Scotland were rewarded for their adventure with a pair of tries that raised the metaphorical roof at the famously open-sided Murrayfield circa 1980. First, a stirring piece of continuity led to the elongated frame of Allan Tomes galloping over. The second was a piece of individual artistry by the gliding Rutherford. Both were converted by Irvine, it was down to 18-23 and England sides of old could have wilted under the onslaught. Not this one.
“We were not going to lose – if we had lost it from there I think we would have all packed up the game,” states Scott.
Hare kicked another penalty to ease the nerves and the rubber stamp was made by Carleton, with a landmark hat-trick try – the first time an England player had dotted down three times in a full international for 56 years.
Dodge concedes, though, that a lucky bounce of the ball played its part: “I just hoofed it up in the air and the ball bounced into John’s hand.” He quips. Carleton sped to the line and his moment of history.
Carleton was one of seven of that team who got the nod to fly to South Africa under Beaumont in the Lions shirt, while Dodge and Smith would be called up during the tour. Beaumont was the first Englishmen to lead the Lions for 50 years. His elevation was unquestioned throughout Britain and Ireland.
“Billy led by example. He would be the first over the top and was always at the bottom of rucks and mauls,” says Dodge. “Billy was a great guy–- a real top man,“ adds Scott. “That whole England team was a bunch of characters, everyone was a character and he held it together. Billy was great for us, the management and the supporters – the perfect captain.”
Beaumont’s Lions were beaten 3-1 in an injury ravaged and politically charged series, where the late Dr Jack Matthews was a harassed man. Through it all, though, Beaumont kept his dignity having grown in stature through that Grand Slam campaign. A moment he had worked for five years to achieve.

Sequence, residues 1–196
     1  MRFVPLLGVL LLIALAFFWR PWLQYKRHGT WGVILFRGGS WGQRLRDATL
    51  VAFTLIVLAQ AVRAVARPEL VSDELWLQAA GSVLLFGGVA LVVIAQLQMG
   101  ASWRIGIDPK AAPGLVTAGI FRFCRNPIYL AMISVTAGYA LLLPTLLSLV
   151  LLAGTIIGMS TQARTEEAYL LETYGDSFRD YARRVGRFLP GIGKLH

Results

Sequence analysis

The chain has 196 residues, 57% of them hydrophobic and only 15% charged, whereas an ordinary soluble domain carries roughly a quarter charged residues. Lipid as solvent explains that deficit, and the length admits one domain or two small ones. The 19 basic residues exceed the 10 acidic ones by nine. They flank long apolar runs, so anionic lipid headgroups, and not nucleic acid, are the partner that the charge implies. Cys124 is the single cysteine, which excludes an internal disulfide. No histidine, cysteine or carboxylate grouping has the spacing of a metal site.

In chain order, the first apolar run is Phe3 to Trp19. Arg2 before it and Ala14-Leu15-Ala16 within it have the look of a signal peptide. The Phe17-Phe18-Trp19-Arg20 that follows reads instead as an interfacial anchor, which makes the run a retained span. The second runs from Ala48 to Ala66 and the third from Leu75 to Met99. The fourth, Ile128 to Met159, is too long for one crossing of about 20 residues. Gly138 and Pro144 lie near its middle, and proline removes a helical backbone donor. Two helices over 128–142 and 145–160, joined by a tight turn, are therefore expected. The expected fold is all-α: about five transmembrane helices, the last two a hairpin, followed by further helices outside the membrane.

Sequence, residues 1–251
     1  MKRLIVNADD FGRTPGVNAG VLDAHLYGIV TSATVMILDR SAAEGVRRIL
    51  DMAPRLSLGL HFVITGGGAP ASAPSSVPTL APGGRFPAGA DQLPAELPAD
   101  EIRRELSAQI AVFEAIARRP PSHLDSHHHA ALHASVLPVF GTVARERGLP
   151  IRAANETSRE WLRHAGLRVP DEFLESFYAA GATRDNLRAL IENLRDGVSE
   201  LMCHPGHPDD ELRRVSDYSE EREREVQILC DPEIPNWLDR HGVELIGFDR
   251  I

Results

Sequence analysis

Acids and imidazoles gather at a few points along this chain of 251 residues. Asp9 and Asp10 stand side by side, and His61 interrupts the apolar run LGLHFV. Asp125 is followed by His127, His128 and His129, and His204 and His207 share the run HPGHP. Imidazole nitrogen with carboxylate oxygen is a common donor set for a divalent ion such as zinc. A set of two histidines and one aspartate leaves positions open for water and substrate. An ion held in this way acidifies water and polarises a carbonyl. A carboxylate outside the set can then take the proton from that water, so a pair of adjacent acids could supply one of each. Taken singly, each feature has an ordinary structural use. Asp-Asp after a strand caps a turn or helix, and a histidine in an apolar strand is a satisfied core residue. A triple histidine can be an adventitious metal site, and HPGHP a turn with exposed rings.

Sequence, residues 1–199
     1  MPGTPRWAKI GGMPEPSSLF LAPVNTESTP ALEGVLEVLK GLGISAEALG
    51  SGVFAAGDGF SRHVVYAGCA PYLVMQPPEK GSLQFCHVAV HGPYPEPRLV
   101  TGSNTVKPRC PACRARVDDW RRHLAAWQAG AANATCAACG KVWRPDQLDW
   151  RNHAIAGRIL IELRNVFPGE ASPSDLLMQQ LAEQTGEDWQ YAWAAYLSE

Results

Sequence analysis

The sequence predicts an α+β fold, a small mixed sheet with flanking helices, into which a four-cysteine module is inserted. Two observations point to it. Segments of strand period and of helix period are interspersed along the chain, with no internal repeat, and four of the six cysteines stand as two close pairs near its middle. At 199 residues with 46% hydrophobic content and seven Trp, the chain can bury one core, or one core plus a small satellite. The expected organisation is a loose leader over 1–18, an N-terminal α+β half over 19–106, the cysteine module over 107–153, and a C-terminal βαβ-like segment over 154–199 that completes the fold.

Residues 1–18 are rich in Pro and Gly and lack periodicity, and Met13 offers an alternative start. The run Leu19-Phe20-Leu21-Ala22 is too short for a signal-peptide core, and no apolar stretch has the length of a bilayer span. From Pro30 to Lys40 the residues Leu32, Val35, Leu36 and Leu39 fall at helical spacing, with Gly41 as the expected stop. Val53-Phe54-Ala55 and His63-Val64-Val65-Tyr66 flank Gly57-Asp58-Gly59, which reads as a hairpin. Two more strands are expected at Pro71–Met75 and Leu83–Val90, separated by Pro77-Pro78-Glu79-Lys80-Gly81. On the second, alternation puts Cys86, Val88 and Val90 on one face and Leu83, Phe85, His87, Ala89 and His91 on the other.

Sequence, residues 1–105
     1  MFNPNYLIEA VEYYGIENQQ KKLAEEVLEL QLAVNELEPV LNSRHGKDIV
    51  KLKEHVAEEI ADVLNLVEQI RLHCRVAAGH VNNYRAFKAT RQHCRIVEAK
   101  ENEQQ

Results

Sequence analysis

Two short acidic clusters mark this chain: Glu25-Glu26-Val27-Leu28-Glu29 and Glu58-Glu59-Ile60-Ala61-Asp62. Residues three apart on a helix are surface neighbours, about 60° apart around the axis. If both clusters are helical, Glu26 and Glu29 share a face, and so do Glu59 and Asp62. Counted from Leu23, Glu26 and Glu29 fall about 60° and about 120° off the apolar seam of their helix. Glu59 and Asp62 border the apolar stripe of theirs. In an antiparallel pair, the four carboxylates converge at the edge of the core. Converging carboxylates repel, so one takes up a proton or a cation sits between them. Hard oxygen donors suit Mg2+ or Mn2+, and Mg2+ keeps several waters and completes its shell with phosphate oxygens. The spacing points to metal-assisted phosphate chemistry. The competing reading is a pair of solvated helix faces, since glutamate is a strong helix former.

“It was a feat that meant a lot to us, we knew we had achieved something but I believe it meant a lot more to the likes of Billy, Fran, Nearo and Roger – outstanding players who had not won anything with England, who had failed and failed a lot before.
Dodge adds: “Yes, I was pleased for those world-class players who had played in the Seventies – it was fantastic for them. The quality of those players, who went on Lions tours but never really put it together in an England side, made it fitting for this to happen at the end of some great careers.”
It was the last hurrah for Neary and Uttley, Cotton would retire within a year and Beaumont himself would be forced to quit in 1982 due to injury. It took England a decade to get themselves back in a position to win a Grand Slam, but Will Carling’s 1990 side failed where Beaumont’s men triumphed.
“It didn’t move on after 1980, it stagnated,” says Scott. “There was a lot of talking behind the scenes which finally led to Geoff Cooke coming in and lessons were learnt. It was the amateur days and I think that 1980 team was a prisoner of its own success.
“Where do you go from there? We had some great moments – the 1983 win against the All Blacks – but there was not a lot of planning in those days, the teams were thrown together. There was no progression.”
Perhaps the RFU should have grasped the nettle and utilised Beaumont the organiser to knock teams into shape. They did not, and he went off into a TV career before his subsequent return to the game at the highest levels of administration. Now its chairman, the RFU appears to have a solid, and popular, hand on the tiller.